Survey shows rising costs for pet owners due to inflation
LendingTree conducts survey of over 1,000 pet owners on financial costs and expenses
LendingTree defined generations as the following ages in 2022:
Generation Z: 18 to 25
Millennial: 26 to 41
Generation X: 42 to 56
Baby boomer: 57 to 76
LendingTree, an online marketplace focused on helping consumers with financial decisions, surveyed pet owners about their pet expenses, the financial sacrifices they have made for them, and pet-related debts they have. This was an online survey of 1,017 U.S. pet owners, ages 18 to 76, from August 12-18, 2022. The survey was administered using a nonprobability-based sample, and quotas were used to ensure the sample base represented the overall population. According to LendingTree, all responses were reviewed by researchers for quality control.1
The key findings from this survey are as follows1:
More than 75% of pet owners say inflation is making pet ownership more expensive, and 26% are struggling to afford the rising costs. By generation, millennials (32%) are most likely to say they’re having trouble paying for pet expenses amid inflation.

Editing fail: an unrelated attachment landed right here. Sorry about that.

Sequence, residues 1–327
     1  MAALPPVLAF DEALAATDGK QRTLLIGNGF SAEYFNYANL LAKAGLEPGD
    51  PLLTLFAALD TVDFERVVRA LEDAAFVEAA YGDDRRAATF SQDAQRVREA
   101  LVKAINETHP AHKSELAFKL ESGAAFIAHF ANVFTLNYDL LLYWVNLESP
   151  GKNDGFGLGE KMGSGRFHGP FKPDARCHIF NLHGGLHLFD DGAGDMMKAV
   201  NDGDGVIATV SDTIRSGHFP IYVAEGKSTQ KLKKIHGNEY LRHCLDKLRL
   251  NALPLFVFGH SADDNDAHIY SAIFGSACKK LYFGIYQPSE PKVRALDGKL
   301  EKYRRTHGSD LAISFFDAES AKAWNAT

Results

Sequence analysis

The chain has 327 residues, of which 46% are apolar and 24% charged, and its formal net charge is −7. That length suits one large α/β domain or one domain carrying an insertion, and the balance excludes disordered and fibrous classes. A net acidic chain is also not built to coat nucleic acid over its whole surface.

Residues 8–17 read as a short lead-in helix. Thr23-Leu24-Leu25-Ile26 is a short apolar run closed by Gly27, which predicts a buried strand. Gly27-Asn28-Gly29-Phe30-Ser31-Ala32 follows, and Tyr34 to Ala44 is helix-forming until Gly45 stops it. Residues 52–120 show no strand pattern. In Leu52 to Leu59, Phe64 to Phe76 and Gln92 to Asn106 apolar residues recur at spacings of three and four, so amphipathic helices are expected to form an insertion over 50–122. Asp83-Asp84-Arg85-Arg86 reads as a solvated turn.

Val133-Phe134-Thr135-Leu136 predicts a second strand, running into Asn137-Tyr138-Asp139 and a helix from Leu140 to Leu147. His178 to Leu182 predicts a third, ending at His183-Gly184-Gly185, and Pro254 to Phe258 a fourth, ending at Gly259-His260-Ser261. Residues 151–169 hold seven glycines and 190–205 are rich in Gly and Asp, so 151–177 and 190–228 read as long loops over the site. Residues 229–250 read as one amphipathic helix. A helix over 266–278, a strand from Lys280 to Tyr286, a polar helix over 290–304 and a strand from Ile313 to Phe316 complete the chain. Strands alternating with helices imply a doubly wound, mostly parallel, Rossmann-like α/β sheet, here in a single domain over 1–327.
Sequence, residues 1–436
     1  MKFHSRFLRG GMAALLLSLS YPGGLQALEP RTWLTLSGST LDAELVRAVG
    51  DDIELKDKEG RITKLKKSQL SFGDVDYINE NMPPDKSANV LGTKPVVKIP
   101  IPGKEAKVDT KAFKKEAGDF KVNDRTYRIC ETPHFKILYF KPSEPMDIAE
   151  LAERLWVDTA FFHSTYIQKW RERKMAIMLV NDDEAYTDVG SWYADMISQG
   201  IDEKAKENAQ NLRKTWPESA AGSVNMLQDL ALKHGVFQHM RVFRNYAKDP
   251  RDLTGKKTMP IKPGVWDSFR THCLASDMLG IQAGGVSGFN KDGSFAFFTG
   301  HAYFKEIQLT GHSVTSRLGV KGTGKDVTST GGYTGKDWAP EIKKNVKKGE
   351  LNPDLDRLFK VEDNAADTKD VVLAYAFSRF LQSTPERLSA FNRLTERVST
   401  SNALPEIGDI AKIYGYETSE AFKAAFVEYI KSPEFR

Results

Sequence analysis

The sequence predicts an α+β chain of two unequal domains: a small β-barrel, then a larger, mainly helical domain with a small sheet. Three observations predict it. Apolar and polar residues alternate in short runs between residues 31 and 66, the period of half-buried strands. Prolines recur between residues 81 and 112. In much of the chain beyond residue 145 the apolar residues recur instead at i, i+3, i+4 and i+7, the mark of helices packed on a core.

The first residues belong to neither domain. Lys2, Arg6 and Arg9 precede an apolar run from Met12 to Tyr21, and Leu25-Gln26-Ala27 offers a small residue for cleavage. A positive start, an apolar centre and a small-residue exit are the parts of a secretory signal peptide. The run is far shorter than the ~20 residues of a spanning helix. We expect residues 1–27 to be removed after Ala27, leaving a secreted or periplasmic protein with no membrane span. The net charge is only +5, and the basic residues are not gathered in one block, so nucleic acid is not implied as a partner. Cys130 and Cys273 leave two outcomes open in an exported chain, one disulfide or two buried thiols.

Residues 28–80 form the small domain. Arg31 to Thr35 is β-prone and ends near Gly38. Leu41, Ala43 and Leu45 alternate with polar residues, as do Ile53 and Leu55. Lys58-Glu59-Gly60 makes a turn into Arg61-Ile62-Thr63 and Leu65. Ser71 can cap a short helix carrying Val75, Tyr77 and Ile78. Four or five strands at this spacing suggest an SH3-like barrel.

While prices for common expenses are rising, pet spending is down. Overall, 87% of pet owners say they’ve noticed increased pricing on key expenses, especially pet food (74%) and veterinary services (33%). Meanwhile, owners now say they’re spending an annual average of $984 on their pets — down from the $1,163 owners reported spending in a 2021 LendingTree survey on pet expenses.
44% of pet owners report making financial sacrifices for their pet — and nearly 1 in 4 (23%) have taken on debt for their furry friends. Pet owners are also spending less on themselves (18%), and some are even limiting their retirement savings contributions (10%).
The majority of pet owners would take on debt to cover an emergency expense. When asked how they would handle a $1,000 pet emergency, many indicated they’d take on debt by charging a credit card (47%), using a buy now, pay later service (13%) or taking out a personal loan (10%).
80% of pet owners don’t have pet insurance. At the same time, 22% of pet owners have had an unexpected medical expense for their pet arise within the past year — costs that could have been lessened by an insurance policy.
In a company release, LendingTree's chief credit analyst, Matt Schulz, commented on this survey, stating, “Our pets are family, and we often have to make sacrifices for those we love. With pet ownership getting more expensive by the day, many Americans find themselves having to do just that. The best place to start is by carving out space in your budget for pet expenses and even a pet emergency fund, if possible. That way, the next big unexpected expense for your furry friend won't automatically send you into debt."2